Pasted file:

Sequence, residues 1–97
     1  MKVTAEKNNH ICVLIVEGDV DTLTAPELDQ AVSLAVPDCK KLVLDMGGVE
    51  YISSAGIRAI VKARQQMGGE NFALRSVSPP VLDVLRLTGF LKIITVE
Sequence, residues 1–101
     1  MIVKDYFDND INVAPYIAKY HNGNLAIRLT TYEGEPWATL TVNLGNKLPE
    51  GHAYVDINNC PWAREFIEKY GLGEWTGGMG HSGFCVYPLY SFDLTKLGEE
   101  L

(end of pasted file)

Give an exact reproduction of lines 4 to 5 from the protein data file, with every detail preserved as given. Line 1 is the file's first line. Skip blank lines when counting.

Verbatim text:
Sequence, residues 1–101
     1  MIVKDYFDND INVAPYIAKY HNGNLAIRLT TYEGEPWATL TVNLGNKLPE